In a search, fast action is essential. To achieve this, everyone must have a clear understanding and grasp of their responsibilities. Community SAR organizations need to have clear plans and procedures that lay out the steps taken during a search, complete with the contact information of all individuals and territorial/federal agencies involved (knowing how to contact Nunavut Emergency Management and the Joint Rescue Coordination Centre is vital). These SAR cards should be made available to community members and distributed to all groups, agencies, and departments involved in a search.
Community responders should work together to create clearly-defined SAR roles for each person on a SAR Committee/GSAR team/Auxiliary unit. Everyone should know what they have to do to prepare for a search and to complete their tasks immediately (e.g. buying food, checking the weather, preparing a kamotik, getting information from the missing person’s family). If each team member has a clearly-defined role, they can also train new SAR members in that role to ensure that there is always a replacement if any member is unable to participate.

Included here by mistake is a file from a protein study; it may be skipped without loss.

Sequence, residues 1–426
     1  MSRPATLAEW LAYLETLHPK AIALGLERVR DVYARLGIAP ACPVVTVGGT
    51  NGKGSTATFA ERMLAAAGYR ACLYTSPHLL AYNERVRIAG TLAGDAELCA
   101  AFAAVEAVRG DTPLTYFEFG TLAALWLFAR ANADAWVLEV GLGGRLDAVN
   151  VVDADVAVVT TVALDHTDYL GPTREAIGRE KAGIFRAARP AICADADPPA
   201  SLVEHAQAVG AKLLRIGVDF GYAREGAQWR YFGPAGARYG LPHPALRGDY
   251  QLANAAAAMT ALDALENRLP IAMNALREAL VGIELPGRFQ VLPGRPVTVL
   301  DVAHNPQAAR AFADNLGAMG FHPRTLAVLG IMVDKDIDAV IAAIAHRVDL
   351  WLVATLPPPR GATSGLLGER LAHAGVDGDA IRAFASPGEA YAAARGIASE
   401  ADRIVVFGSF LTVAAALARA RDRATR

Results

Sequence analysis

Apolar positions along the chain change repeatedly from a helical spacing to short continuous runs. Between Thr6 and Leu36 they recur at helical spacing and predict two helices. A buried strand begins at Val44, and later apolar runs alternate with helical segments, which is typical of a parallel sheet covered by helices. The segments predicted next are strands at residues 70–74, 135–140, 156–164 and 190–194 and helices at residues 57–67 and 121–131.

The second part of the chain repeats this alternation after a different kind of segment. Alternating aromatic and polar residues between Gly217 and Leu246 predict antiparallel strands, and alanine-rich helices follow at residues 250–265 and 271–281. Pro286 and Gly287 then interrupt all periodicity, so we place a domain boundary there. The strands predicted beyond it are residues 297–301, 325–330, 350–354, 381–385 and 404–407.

Community SAR teams should have a clear understanding of who is on standby and who is ready to join a search on short notice. Members of Coast Guard Auxiliary units who are on standby are generally expected to be within 15 minutes of their vessel at all times. Community responders should also know what other community resources could be used during a prolonged search (e.g. other community members/groups, professional guides, Canadian Ranger patrol, etc.). For example, Cambridge Bay GSAR has 10-12 members who are always ready and willing to go out on searches. The team has two four-man groups on standby with another two four-man groups that can be called upon quickly. Cambridge Bay also has a pool of trained guides, all of whom have extensive experience on the land, wilderness first aid training, and are well-equipped. These guides represent a tremendous resource during searches. If a search is extending and/or expanding and the core GSAR team requires support, they turn to the guides first. After that, the team will put a call out for community volunteers.
Members of SAR teams and Auxiliary units must ensure that their equipment is ready to go at a moment’s notice.
Each community requires multiple well trained and experienced SAR coordinators and unit leaders – they make the entire system work. If a search occurs over an extended period of time, a community will require multiple coordinators. In cases where a coordinator is closely related (a family member or friend) to the person who is missing, additional coordinators should be available and able to take over a mission.